- the trachea of an air-breathing vertebrate.
Origin of windpipe
Dictionary.com Unabridged Based on the Random House Unabridged Dictionary, © Random House, Inc. 2018
Examples from the Web for windpipe
After using her hands to clear her windpipe, she freed her eyes from the embers that were blinding her vision.Hallucinating Away a Heroin Addiction
May 4, 2014
He was going to start a tracheotomy, which is opening the throat and inserting a tube into the windpipe.Jimmy Breslin on JFK’s Assassination: Two Classic Columns
November 22, 2013
Early signs indicate the windpipe is working, Hannah's doctors announced Tuesday, although she is still on a ventilator.The Power of Stem Cell Research Saves a Little Girl
May 1, 2013
This time when he woke up, he had a hole in his windpipe, could not speak, and could barely write.Mailer's Final Gift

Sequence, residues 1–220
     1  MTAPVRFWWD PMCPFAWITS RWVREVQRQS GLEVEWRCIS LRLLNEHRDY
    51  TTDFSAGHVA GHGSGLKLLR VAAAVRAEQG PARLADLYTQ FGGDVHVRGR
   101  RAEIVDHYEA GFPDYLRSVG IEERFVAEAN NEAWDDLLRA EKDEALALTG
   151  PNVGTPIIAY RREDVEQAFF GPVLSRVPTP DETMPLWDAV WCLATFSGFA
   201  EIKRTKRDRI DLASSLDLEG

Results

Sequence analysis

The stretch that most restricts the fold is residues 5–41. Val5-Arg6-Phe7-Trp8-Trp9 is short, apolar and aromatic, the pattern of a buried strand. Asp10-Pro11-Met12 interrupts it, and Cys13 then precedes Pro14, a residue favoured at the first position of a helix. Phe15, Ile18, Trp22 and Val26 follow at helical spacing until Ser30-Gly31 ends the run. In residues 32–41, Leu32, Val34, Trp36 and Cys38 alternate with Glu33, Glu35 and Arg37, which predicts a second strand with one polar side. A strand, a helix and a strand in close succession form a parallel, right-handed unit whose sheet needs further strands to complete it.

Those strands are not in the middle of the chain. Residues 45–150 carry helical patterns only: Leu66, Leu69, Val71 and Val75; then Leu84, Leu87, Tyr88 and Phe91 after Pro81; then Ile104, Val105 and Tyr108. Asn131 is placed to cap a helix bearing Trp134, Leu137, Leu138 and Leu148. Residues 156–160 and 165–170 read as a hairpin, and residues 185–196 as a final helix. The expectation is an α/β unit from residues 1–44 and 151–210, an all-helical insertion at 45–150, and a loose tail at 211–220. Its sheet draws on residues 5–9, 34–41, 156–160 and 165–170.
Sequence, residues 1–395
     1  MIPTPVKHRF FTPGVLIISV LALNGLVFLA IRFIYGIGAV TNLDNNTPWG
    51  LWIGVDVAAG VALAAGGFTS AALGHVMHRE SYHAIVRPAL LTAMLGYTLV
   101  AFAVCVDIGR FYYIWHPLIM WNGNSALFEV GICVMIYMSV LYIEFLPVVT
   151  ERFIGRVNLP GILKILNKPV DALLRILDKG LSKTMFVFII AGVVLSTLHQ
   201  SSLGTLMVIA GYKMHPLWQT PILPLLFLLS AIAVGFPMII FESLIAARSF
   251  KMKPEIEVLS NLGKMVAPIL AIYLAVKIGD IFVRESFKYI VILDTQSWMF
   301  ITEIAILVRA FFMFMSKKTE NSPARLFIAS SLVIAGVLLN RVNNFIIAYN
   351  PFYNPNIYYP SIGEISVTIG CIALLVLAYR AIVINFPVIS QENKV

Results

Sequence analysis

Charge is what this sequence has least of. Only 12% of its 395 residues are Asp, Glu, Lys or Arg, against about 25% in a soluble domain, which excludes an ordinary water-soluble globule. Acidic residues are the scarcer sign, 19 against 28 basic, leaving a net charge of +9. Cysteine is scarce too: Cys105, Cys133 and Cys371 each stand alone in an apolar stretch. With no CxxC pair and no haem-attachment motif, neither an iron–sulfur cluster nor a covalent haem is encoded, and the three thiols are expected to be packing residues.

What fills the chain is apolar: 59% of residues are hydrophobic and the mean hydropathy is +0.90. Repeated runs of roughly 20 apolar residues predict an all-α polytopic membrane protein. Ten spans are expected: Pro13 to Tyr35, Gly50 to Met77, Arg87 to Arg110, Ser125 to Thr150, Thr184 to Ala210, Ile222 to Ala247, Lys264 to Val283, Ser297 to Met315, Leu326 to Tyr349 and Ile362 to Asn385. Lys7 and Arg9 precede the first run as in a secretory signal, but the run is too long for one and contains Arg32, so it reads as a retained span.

February 5, 2009
Then he gurgled in the darkness as if somebody's fingers had clamped his windpipe.The Cruise of the Dry Dock
T. S. Stribling
When deaf is squeezin' of me windpipe, I shall 'ave a laugh in it!The Foundations (Fourth Series Plays)
Overcoming a nervous contraction of the windpipe, I had managed to exclaim "Captain Falk!"Falk
The stem of the tree or bush becomes the windpipe (trachea).A Handbook of Health
Careful skinning brings you to the neck and windpipe, which also cut off.Practical Taxidermy
- a nontechnical name for trachea (def. 1) Related adjective: tracheal
Collins English Dictionary - Complete & Unabridged 2012 Digital Edition © William Collins Sons & Co. Ltd. 1979, 1986 © HarperCollins Publishers 1998, 2000, 2003, 2005, 2006, 2007, 2009, 2012
Word Origin and History for windpipe
Online Etymology Dictionary, © 2010 Douglas Harper
The American Heritage® Stedman's Medical Dictionary Copyright © 2002, 2001, 1995 by Houghton Mifflin Company. Published by Houghton Mifflin Company.
- See trachea.
The American Heritage® Science Dictionary Copyright © 2011. Published by Houghton Mifflin Harcourt Publishing Company. All rights reserved.